The study also reveals the skills deficit is more pronounced further down the organisational structure than it is at the top. At operational level, relatively few respondents claim to have all the skills they need to effectively support their IoT projects. When it comes to ongoing support and maintenance of IoT projects, (27 per cent) have the required skills in house. In procurement this drops to (25 per cent) and only 1 in 5 organisations (20 per cent) have the skills needed to successfully integrate IoT into their operations.

Despite acknowledging the clear gap organisations have between the skills held in house and those needed to deploy IoT projects, only a minority turn to outsourcing as a solution. Overall, only a third (33 per cent) of all respondents typically look to partner with an IoT service provider to support an end-to-end solution and work with them to plan, implement and maintain it. The largest organisations (over 5,000 employees) and businesses in North America and the Middle East are more likely to partner with IoT service providers (39 per cent, 41 per cent and 45 per cent, respectively), whereas fewer businesses in Russia and the Stans and the APAC region use such providers (26 per cent and 25 per cent, respectively). Those businesses lacking the optimal mix of skill sets to select, deploy and utilise their IoT projects need to work more closely with expert service providers to plug their IoT skills gaps to get the best results out of their IoT projects.

Further information

Notes to Editors

The Inmarsat Research Programme report ‘Industrial IoT in the Time of Covid-19’ focuses on measuring the IoT maturity of global industry during the Covid-19 pandemic and the rise of digitalised production and supply chains. It analyses a number of key themes such as adoption, connectivity, data, skills, security and investment.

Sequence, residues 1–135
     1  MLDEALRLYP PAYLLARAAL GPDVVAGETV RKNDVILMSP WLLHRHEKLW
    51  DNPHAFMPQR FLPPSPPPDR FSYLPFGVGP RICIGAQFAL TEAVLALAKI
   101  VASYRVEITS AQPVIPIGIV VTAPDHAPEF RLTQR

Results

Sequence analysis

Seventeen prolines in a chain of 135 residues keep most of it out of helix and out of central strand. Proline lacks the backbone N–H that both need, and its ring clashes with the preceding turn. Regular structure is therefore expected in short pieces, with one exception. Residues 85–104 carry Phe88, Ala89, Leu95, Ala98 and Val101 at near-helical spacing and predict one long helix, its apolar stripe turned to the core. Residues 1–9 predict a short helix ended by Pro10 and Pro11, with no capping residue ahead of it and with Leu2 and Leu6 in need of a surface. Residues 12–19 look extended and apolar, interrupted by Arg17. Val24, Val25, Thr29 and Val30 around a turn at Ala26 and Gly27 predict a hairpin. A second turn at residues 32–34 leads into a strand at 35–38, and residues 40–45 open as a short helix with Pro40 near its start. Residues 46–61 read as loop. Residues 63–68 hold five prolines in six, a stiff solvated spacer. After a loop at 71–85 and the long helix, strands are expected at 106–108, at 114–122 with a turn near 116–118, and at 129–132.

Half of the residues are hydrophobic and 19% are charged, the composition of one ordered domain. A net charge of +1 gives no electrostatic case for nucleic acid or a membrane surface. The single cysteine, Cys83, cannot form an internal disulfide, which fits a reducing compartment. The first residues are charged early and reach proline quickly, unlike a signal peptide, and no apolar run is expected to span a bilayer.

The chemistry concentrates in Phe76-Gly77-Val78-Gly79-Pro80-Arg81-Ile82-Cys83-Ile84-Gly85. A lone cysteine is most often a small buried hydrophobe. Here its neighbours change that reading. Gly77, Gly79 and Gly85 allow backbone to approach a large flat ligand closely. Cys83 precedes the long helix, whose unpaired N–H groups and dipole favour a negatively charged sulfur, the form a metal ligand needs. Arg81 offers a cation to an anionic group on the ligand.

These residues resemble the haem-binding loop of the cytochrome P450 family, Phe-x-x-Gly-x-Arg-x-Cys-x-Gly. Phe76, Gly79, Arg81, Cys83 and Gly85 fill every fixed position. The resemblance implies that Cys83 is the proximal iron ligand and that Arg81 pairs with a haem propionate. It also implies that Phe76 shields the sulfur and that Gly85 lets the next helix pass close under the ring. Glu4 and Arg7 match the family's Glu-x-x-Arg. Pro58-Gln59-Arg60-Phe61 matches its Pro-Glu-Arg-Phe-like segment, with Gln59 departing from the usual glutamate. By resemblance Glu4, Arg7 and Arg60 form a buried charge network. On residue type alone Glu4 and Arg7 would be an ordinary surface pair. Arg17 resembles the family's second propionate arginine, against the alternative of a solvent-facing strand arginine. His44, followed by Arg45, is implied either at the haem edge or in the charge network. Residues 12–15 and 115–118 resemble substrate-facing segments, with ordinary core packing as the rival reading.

The report is based on interviews with 450 global respondents across the agriculture, electrical utilities, mining, oil & gas and transport & logistics sectors in early 2021, a year after the start of the pandemic. Respondents from businesses with at least 250 employees from the Americas, EMEA and Asia-Pacific responsible for delivering IoT initiatives at their respective organisations were surveyed.

As part of the research, Inmarsat is also offering businesses the opportunity to measure their IoT readiness versus the respondents in the survey, using a free IoT maturity tool.

To use the IoT Maturity tool and download the full report – ‘‘Industrial IoT in the Time of Covid-19’ – visit:

About Inmarsat

Inmarsat is the world leader in global, mobile satellite communications. It owns and operates the world’s most diverse global portfolio of mobile telecommunications satellite networks, and holds a multi-layered, global spectrum portfolio, covering L-band, Ka-band and S-band, enabling unparalleled breadth and diversity in the solutions it provides. Inmarsat’s long-established global distribution network includes not only the world’s leading channel partners but also its own strong direct retail capabilities, enabling end to end customer service assurance.

The company has an unrivalled track record of operating the world’s most reliable global mobile satellite telecommunications networks, sustaining business and mission critical safety and operational applications for more than 40 years. It is also a major driving force behind technological innovation in mobile satellite communications, sustaining its leadership through a substantial investment and a powerful network of technology and manufacturing partners.

Inmarsat operates across a diversified portfolio of sectors with the financial resources to fund its business strategy and holds leading positions in the Maritime, Government, Aviation and Enterprise satcoms markets, operating consistently as a trusted, responsive and high-quality partner to its customers across the globe.